Nestled on the pastel window seat, Lana rested her chin on her palm and sighed. A storm was yawning loudly outside her window. Nothing to do. Nowhere to go.
She was awfully sorry about the snow globe she had accidentally broken. The way the sparkly flakes floated inside the glass dome surrounding the Swedish dancer in the arms of her beloved captivated Lana like the soft raindrops falling outside. Her small hands shook in fear as Lana stared at the shattered pieces spread across her mother’s bedroom floor. She recalled the terror of her mother discovering her hiding behind the chair in the nursery, swiftly yanking her arm and spanking her all the way back to Lana’s room.
Tibbles, her fat black cat, squeezed in between the wooden doorframe and strolled into her room.
“Go away, Tibbs,” she groaned.
He purred as he continued making his way across the room.
“I can’t play with you,” she said. “Mama said I’m in big trouble.”
The cat unleashed a chuckle and shook his head.
“You really did it THIS time,” Tibbles said as he jumped onto the window seat beside her. Lana sighed and dropped her forehead to her arm resting on the sill.
“I know,” she grumbled. “I thought I was being really, really, really careful!”
“Not careful enough, kiddo. Do you know how important that snow globe was to your mother?”
“No….well…kinda,” she said. “I think my grandma got it from far away.”
The cat licked his paws one by one, slowly and meticulously. The rain began to pour down harder on the garden below her second story bedroom. Beyond the house lay endless open fields shadowed by the night sky. Lightning streaks cracked across the heavy clouds as if they were sharp roots clawing into the earth below.
“I think it was Sweden, where my great-grandma was born.”
Tibbles, bored from bathing himself, rolled onto his back exposing a fluffy white blob of belly. The little girl stroked it lightly.
“You can fix it, you know,” said the cat in between purrs. Turning onto his side and all fours, Tibbles leaped to the floor.
“How?” Lana, curious and eager to make amends, turned to the feline strolling to the door.
“By going to Sweden and getting a new one for her, of course!” He hopped out of the room, closing the door quietly behind him.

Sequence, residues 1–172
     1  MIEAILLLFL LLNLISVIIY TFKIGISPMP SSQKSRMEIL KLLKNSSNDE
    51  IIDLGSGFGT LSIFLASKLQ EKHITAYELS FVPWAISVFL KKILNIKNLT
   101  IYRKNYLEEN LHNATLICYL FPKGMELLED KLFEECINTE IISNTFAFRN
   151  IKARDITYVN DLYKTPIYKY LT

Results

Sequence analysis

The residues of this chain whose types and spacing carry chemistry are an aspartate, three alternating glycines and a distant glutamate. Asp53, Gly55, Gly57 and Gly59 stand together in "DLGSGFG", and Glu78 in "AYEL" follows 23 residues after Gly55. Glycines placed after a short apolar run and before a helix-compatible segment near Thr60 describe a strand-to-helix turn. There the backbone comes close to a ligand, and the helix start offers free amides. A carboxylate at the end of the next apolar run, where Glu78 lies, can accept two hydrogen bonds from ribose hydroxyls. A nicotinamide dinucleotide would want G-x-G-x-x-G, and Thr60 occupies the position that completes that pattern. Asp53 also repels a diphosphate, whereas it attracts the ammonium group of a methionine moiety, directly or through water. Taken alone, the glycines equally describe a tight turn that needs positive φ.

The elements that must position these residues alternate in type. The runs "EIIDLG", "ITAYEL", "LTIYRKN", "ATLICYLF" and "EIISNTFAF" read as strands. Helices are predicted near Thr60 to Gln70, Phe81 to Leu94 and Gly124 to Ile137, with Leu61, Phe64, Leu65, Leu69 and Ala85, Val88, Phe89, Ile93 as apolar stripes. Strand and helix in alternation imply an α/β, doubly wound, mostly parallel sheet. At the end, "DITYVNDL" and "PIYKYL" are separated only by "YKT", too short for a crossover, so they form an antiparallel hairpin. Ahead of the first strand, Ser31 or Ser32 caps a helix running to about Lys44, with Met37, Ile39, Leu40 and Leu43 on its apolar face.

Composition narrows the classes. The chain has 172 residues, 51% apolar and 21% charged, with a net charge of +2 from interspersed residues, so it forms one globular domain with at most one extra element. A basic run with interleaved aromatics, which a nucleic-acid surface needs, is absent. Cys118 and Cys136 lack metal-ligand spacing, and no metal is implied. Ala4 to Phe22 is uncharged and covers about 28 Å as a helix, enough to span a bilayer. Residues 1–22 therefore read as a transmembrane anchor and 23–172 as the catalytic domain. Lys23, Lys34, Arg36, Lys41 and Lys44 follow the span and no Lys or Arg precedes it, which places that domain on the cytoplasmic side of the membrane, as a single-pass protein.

It seemed so simple to her. No wonder her mother was so furious! She simply wanted her snow globe back. And Lana was determined to get it.
She jumped off of the seat and grabbed her pink sandals. Thinking twice about the rainy weather, she threw them down and took her yellow rain boots. Opening her door and glancing down the hall, Lana made her exit seeing that the area was clear. She had no plan in her mind other than to find this land of Sweden and retrieve a beautiful, whole snow globe.
Lana was so excited that she had forgotten about the jump rope she left on the staircase and slipped on the rope, falling down each solid marble step.
The echoed screams woke her up instantly. She took a moment to remember where she was, and what she was doing on a plane. Lana was coming home to Nebraska from New York on the first flight out to her mother’s funeral. She glanced out of the small oval window, catching the setting sun across the silky, emerald fields. Patches of brown and gold freckled the diverse landscape.
She had changed out of her business suit and into some faded jeans and plaid shirt. Her long brown hair piled high atop her head in a messy bun. Taking a long and deep breath, Lana checked the time on her phone and counted the seven hours since she heard about her mother’s passing. A throbbing in her skull and knife in her chest brought tears to her eyes. She recalled their last conversation over the phone about the snow globe Lana had shipped to her mother while on a business trip in Stockholm; a globe containing a graceful dancer in the arms of her beloved.
Her mother had completely forgotten about that old globe she broke when she was five years-old. It brought a gleaming smile to her soft, wrinkly cheeks.
Something deeper had been preserved that day. A love so strong and enduring restored from an almost untraceable and unconscious past.